Today escalated into exhaustion after I left work for the day. For starters, I was at work an hour longer than I had originally planned (not problematic because I need the extra hours/money). I hopped the train home, initially forgetting I needed to run errands to pick up W-2s from my sister and my medications from Duane Reade. Fortunately I caught myself on time to switch trains. I stopped by my sister’s apartment to check in, say hi to the little monkey, and get my mail. I was not paying attention to time as much as I should have been, so it was getting later than I realized, but I headed to pick up my meds regardless. And then I found out that I didn’t have the right information to pick up my meds (frustrating), followed by, “oh wait, if xyz is your healthcare now we actually don’t take that insurance at this pharmacy anymore.” I’m sorry, what? Your pharmacy does not accept my insurance? I have too many goddamn things to worry about accepting my insurance and now I have to add “find pharmacy that accepts your insurance” to the list. “Let’s make healthcare as fucking difficult and expensive as possible,” is pretty much the memo I’ve gotten since trying to swim upstream on figuring everything out. No one has any answers, and those who “have answers” are simply repeating a script that you’ve already read. Nobody really knows how to help. And it’s frustrating and alienating. Blech. That was an unintentional rant. Needless to say my exhaustion and frustration levels rose rapidly. My evening has been less successful than I’d hoped.
What I would actually like to write about this evening is something deeply morbid and (I think) fascinating. I had another afternoon spent in the “In Memoriam” exhibit and I started to consider how I would want people to remember me in my passing. It seems worthy of a post. Not that I expect to have a sadly shortened life, but working at my museum makes me realize how short life is so it is constantly important to be reflective, and to cherish every moment and waste no time. (I’m still working at those last two…I forget to cherish moments and I often waste time.) For starters, for the love of Mother Earth, please do not choose photos of me that are blurry or unhappy. I want to be remembered laughing or goofing off. I want to be remembered making goofy faces, and never too serious. Maybe one serious photo, if you must. Maybe I should just keep a folder of photos on my desktop that reads “For Katy’s Funeral in 2095” (yes that is correct, I am planning on living until 107, because that’s extremely reasonable). Every year I can start adding a few more. Just to keep it up to date (it would obviously be silly to have photos only from 1988-2015 when I will go on to live 80 more years). The biggest reason for this is because I look at so many photos and see forced smiles for a work photo, or a glamour shot, or something not worthy of a toothy grin or a big laugh. It furthers this pit of sadness, that a photo might not exist that shows this person in their element. Or if it does, the family didn’t realize it. In addition, I want to have ultimate say of what photos are used for a similar reason–my family might pick the worst photos! (No offense if you’re reading this.) Remember me as you like, but I’d like those who never knew me or didn’t know me as well to know what my spirit was really like (wild, crazy, loyal, caring, unpredictable, empathetic, and once in a blue moon apathetic–the first step is recognizing our faults right?).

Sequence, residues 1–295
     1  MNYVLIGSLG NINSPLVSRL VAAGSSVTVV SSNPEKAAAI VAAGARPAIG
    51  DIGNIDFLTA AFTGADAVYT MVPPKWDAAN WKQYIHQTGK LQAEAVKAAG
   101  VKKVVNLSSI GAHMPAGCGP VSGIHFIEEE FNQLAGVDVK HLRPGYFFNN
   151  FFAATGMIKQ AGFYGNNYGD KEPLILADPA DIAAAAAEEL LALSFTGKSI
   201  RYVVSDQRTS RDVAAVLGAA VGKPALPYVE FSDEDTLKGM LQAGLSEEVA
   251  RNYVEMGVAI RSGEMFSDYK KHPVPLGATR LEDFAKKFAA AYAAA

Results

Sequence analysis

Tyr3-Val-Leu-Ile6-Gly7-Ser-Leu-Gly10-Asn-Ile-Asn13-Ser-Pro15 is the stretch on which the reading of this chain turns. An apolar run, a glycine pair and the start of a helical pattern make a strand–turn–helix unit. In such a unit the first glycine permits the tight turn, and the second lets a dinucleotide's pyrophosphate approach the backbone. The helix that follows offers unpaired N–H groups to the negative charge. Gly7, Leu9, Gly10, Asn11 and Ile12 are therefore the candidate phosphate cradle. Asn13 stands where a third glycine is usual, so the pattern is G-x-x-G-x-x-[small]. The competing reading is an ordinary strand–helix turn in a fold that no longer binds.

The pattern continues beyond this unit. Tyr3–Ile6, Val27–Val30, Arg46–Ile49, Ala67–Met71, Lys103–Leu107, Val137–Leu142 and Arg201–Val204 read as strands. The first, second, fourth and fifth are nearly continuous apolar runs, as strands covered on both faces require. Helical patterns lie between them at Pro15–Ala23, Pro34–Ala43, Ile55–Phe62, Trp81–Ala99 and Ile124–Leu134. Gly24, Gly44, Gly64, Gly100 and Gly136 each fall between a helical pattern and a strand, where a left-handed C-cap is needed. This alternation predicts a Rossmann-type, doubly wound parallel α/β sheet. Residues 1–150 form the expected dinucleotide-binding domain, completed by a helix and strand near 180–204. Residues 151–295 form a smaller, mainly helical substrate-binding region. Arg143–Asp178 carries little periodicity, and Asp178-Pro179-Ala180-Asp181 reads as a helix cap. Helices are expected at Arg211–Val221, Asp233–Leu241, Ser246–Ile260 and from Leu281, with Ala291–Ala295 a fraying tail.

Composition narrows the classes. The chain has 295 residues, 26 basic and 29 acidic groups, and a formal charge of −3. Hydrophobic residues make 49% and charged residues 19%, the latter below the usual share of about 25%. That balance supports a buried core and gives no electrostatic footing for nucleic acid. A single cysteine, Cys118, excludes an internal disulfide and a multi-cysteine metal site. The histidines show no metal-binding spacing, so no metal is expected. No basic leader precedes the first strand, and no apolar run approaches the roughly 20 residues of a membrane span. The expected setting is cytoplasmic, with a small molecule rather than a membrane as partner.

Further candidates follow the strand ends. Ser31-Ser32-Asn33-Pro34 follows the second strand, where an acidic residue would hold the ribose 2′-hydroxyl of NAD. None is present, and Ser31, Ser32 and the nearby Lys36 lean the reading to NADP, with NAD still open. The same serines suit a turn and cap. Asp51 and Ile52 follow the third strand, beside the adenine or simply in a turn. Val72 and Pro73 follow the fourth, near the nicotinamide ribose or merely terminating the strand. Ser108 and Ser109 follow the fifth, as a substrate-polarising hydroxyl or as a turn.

My funeral will be one giant dance party. Maybe a small ceremony at the beginning (but the only burial will be the planting of a tree because I want to be cremated and turned into a tree). The music will be predominantly ’90s music (which will probably torture everyone at this point), and if you don’t get up and dance I will smite you (or the gods will or something). Yes, lots of dancing and drinking at my funeral. And Frangos. Please everyone eat Frangos at my funeral. And after the dance party begins everyone will be asked to write a letter to a loved one (friend or family) who they haven’t spoken to in a while to remind them how much they love them and all that jazz. Because life is short and we exist on this earth to ease each other’s loneliness and foster success in others. Or something. If all my dogs are still alive when I die (I plan to be an old dog lady), one by one they can be buried in the shade of the tree that grew from my ashes. In the end, I just want everyone to dance and sing and be happy. And if no one comes to my funeral, I just want all my dogs to find good homes. Okay? Great.
Page 20 of 365